NIgel Kneale’s TV adaptation of Susan Hill’s The Woman in Black finally comes to Bluray
1925. Arthur Kidd (Adrian Rawlins) is a London solicitor, married with two young children. He is sent to the North-Eastern coastal town of Crythin Gifford to settle the estate of Alice Drablow, a widow who lived alone at Eel Marsh House. Staying to attend Alice’s funeral, Arthur finds the locals reluctant to discuss both Alice and the house, which Arthur has to spend much time in. At the funeral, Arthur sees a woman standing at a distance, dressed in black, among the gravestones…
You could claim that horror on the small screen, often in the form of adaptations of classic supernatural stories and often shown over the Christmas holidays, had a golden age in the UK which lasted from the late Sixties to the early Nineties, productions which scared and left a lasting impression on a generation. They include takes on M.R. James such as Jonathan Miller’s version of Whistle and I’ll Come to You and the later annual Ghost Stories for Christmas (see The Stalls of Barchester, Lost Hearts, The Signalman and A View from a Hill), the Dead of Night series from 1972 (only three out of seven of which survive), Nigel Kneale’s The Stone Tape, also from 1972 – there must have been something in the water at the BBC that year. This run probably ends with Ghostwatch in 1992, the controversy about which led to future nervousness at the BBC about horror material. The Woman in Black, first broadcast on ITV on Christmas Eve 1989, comes towards the end of this run but it’s certainly worthy of it. For those who saw it then, it has stayed in the memory, especially for one scene…and you’ll know which one that is when you see it.
Susan Hill (born 1942) is a prime example of someone who is best known, to the general public at least, by a single work. She began early, with her first published novel, The Enclosure, published in 1961 during her first year at University, and attracting controversy due to its sexual content due to its having been written by a “schoolgirl”. For the rest of the decade and into the Seventies, she published seven further novels and was a well-regarded literary novelist, with award wins and a Booker Prize shortlisting for The Bird of Night. I’m the King of the Castle won the Somerset Maugham Award and has been taught in British schools. Then came a ten-year hiatus (her giving birth to a daughter in 1977 contributed to it) until 1983 when The Woman in Black was published. It draws on past classic ghost stories, particularly those of M.R. James (one of the chapters is even called “Whistle and I’ll Come to You” – not least in its use of a hapless protagonist who gets put in danger by people who know more about the situation than he does. The Woman in Black is a novella, demonstrating that a shorter length is ideal for this kind of horror story. The novella has since become a popular school text.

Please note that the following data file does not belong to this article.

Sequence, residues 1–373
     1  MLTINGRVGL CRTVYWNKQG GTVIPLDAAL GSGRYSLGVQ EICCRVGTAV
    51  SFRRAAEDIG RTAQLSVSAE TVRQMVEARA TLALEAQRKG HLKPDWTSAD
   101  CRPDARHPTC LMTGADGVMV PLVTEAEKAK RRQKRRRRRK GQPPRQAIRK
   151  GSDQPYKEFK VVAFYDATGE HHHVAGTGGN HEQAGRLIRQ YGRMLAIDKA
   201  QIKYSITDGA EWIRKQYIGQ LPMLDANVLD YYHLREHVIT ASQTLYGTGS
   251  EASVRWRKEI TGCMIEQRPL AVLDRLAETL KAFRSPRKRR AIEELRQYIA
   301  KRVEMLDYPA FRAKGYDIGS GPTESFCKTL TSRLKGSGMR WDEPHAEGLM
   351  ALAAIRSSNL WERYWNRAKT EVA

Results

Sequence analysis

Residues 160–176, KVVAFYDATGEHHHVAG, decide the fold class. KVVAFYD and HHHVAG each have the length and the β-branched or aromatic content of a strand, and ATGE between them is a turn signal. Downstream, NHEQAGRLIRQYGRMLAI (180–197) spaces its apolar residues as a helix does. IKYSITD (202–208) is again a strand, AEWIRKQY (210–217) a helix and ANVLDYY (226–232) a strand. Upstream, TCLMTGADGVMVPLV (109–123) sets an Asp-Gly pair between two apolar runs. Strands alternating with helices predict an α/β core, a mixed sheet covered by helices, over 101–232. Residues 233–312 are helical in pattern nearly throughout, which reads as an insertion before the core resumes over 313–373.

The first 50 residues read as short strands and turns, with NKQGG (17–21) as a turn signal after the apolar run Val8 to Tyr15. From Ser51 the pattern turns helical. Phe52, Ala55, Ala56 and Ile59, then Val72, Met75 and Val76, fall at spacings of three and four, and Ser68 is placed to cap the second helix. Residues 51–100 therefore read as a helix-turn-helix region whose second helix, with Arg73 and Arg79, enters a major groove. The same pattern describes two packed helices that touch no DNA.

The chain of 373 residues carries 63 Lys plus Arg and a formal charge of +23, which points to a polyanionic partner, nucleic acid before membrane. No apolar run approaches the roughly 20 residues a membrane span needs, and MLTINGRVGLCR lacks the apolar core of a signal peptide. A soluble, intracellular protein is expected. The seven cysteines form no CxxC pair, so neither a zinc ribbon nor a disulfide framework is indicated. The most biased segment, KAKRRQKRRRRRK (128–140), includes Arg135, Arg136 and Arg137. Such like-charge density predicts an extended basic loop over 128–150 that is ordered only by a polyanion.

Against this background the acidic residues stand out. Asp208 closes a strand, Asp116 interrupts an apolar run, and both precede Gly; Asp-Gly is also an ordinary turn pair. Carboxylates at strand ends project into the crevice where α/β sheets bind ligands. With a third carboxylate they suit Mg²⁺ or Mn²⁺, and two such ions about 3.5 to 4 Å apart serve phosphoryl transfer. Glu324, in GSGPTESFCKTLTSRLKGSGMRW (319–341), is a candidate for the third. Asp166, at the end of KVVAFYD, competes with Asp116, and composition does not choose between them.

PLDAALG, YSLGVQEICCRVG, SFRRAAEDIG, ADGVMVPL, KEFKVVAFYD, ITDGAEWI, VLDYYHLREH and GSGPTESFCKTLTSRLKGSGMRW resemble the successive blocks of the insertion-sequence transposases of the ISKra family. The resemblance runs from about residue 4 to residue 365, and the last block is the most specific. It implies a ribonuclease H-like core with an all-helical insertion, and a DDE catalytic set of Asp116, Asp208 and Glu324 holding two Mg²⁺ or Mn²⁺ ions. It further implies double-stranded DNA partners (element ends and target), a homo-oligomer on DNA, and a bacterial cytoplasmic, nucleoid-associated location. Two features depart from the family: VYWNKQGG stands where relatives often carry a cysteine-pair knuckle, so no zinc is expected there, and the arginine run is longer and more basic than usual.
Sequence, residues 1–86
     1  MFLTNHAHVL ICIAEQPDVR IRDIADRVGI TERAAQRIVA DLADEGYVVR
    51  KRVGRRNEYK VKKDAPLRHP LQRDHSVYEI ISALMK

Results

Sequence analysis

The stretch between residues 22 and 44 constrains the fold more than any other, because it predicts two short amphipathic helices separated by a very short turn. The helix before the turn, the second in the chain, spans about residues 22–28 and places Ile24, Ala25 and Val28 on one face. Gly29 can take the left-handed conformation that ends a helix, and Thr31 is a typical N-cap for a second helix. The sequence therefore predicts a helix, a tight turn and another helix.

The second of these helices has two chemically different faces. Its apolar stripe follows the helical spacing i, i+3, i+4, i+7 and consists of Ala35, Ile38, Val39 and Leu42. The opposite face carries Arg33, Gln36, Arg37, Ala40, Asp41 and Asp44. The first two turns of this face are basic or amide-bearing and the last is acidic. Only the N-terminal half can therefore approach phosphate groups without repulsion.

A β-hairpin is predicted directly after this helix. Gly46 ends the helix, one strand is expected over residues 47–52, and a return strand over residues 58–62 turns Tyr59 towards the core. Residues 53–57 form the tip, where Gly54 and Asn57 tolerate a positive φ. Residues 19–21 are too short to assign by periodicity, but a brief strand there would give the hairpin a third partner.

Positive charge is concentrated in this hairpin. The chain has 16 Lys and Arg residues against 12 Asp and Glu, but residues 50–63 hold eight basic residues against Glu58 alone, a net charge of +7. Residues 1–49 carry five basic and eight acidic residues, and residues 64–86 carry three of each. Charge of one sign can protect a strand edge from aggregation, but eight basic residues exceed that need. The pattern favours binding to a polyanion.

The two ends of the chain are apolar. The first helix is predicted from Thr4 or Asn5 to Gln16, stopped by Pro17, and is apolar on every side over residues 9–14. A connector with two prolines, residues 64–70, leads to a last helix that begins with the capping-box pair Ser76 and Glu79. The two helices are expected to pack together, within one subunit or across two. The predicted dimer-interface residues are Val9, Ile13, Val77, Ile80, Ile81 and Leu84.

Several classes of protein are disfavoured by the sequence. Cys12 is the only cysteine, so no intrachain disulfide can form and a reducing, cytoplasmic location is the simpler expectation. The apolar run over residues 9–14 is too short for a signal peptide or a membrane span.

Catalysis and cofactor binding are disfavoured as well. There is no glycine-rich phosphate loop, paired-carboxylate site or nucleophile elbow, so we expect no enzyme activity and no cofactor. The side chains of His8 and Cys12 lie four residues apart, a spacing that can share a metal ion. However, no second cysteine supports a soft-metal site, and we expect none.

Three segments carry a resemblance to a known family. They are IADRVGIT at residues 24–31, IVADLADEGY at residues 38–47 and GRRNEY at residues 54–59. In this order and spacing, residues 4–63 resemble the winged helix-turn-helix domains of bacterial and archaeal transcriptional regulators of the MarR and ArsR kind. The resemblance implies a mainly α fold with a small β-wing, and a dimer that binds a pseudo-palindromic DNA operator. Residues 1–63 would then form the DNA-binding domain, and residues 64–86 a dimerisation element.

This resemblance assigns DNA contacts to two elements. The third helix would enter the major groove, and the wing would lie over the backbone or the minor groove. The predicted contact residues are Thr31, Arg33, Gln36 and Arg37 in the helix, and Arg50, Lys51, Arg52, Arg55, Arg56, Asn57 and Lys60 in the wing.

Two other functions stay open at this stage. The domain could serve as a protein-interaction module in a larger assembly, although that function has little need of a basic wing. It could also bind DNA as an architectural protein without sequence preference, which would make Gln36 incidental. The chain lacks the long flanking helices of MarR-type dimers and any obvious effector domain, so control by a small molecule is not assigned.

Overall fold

Hill wasn’t the first literary writer to take on the ghost story – which you could certainly argue is more “respectable” than other horror subgenres – but you can’t argue with its success. Four years later, Stephen Mallatratt adapted it into a stage play which is the longest-running play in London’s West End after The Mousetrap, pandemic-caused theatre closedowns notwithstanding. The present television version dates from 1989 and the BBC have adapted the story for radio twice. Then there was the 2012 film version, starring Daniel Radcliffe, which spawned its own sequel, The Woman in Black: Angel of Death, in 2015.
The 1989 version, adapted by Nigel Kneale, follows the novel for the most part, but made some changes, not all of which Hill was happy with. These included some character renaming, so Arthur Kipps in the novel becomes Arthur Kidd, apparently because Kneale, an admirer of H.G. Wells, disapproved of Hill’s naming her protagonist after that of one of Wells’s best-known novels. The adaptation omits the frame story wherein Kipps, after being asked to tell a ghost story one Christmas Eve, is too traumatised to oblige but then writes down his account, which is the novel we then go on to read. (A similar framing device is removed from every adaptation of Henry James’s The Turn of the Screw that I’m aware of.) This does have a bearing on the ending of the television play. I’ll say no more to avoid spoilers, but suffice to say it darkens it more than a little.